President signs Bill repealing Eighth Amendment into law
Move paves way for Government to introduce law on abortion in coming weeks
Campaigners salute the outcome of the vote to remove the Eighth Amendment from the Constitution at the RDS count centre in May. File photograph: Cyril Byrne/The Irish Times.
The Eighth Amendment to the Constitution has officially been repealed after President Michael D Higgins signed the Bill giving effect to the abortion referendum result into law.
It means that there is no longer a constitutional ban on abortion and the Oireachtas is now free to legislate to change Ireland’s existing abortion regime.
However, until such legislation is passed, the existing laws will remain in place, even though the constitutional ban has been removed.
Taoiseach Leo Varadkar earlier said that legislation allowing for abortion during the first 12 weeks of pregnancy will be introduced in the Dáil in the first week of October.
Mr Varadkar and Minister for Health Simon Harris have promised that abortion services will be available in the new year.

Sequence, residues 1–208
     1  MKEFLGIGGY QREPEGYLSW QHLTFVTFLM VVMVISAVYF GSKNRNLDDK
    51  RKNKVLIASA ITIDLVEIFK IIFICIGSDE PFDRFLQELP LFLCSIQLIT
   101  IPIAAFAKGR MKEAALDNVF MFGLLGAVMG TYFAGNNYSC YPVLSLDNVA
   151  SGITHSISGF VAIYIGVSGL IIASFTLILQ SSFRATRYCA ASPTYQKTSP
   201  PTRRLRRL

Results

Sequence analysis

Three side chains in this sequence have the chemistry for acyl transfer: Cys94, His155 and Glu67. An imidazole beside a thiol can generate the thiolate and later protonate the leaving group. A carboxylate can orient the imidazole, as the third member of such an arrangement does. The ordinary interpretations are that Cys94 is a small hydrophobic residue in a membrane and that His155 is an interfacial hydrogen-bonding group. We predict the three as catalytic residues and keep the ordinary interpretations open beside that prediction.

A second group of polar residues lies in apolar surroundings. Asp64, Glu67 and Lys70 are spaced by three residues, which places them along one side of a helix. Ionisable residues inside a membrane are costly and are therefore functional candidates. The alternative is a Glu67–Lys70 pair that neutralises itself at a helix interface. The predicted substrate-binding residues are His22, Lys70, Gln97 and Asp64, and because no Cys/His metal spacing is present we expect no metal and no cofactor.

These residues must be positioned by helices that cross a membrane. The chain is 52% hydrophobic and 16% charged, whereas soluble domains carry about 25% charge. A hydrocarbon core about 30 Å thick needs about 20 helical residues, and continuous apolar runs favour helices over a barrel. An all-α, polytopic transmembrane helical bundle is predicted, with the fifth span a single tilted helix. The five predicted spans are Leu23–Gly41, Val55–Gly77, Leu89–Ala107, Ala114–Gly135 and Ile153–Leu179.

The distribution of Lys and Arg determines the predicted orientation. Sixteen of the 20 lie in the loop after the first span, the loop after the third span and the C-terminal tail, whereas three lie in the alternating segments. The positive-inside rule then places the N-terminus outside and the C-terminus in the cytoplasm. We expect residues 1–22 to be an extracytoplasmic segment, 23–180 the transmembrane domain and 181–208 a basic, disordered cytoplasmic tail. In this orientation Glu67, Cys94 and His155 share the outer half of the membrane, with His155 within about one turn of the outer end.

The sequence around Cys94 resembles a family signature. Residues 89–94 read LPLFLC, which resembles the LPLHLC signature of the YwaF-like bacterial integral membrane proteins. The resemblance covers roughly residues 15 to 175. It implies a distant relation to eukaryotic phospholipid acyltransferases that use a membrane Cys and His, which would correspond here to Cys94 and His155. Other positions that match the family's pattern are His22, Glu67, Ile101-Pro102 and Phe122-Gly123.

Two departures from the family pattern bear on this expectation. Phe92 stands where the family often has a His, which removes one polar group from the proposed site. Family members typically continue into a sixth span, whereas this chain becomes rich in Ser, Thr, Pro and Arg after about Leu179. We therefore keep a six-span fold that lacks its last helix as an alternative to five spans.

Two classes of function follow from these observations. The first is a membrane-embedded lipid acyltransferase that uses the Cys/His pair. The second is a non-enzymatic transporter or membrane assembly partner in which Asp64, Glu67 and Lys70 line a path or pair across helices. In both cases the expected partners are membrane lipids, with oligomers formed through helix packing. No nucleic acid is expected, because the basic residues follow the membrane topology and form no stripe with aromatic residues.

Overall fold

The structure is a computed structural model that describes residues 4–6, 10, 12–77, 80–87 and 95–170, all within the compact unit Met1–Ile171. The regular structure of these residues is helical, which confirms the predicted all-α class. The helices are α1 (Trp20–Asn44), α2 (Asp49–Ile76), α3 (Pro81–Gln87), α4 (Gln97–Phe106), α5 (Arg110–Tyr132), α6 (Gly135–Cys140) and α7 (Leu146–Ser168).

Mr Harris has also raised the prospect of passing the legislation in stages which could, for example, allow doctors to refer patients to abortion service providers abroad before the new Irish system is in place.
“In accordance with Article 46 of the Constitution, President Higgins today signed the Thirty-Sixth Amendment of the Constitution Bill 2018, and it has accordingly become law,” a statement from Áras an Uachtaráin said on Tuesday.
The Eighth Amendment guaranteed an equal right to life to the mother and unborn and was inserted into the Constitution in 1983 following a referendum.
In May voters decisively backed the repeal of the amendment and for provision to be made for the regulation of termination of pregnancy.
More than 2.15 million people voted in the referendum with some 1.42 million people voting to repeal and 723,632 voting to retain the amendment, also known as Article 40.3.3 of the Constitution.
The Supreme Court earlier this month decided there were no grounds to hear an appeal of decisions by the Court of Appeal and High Court to reject a challenge to the referendum result.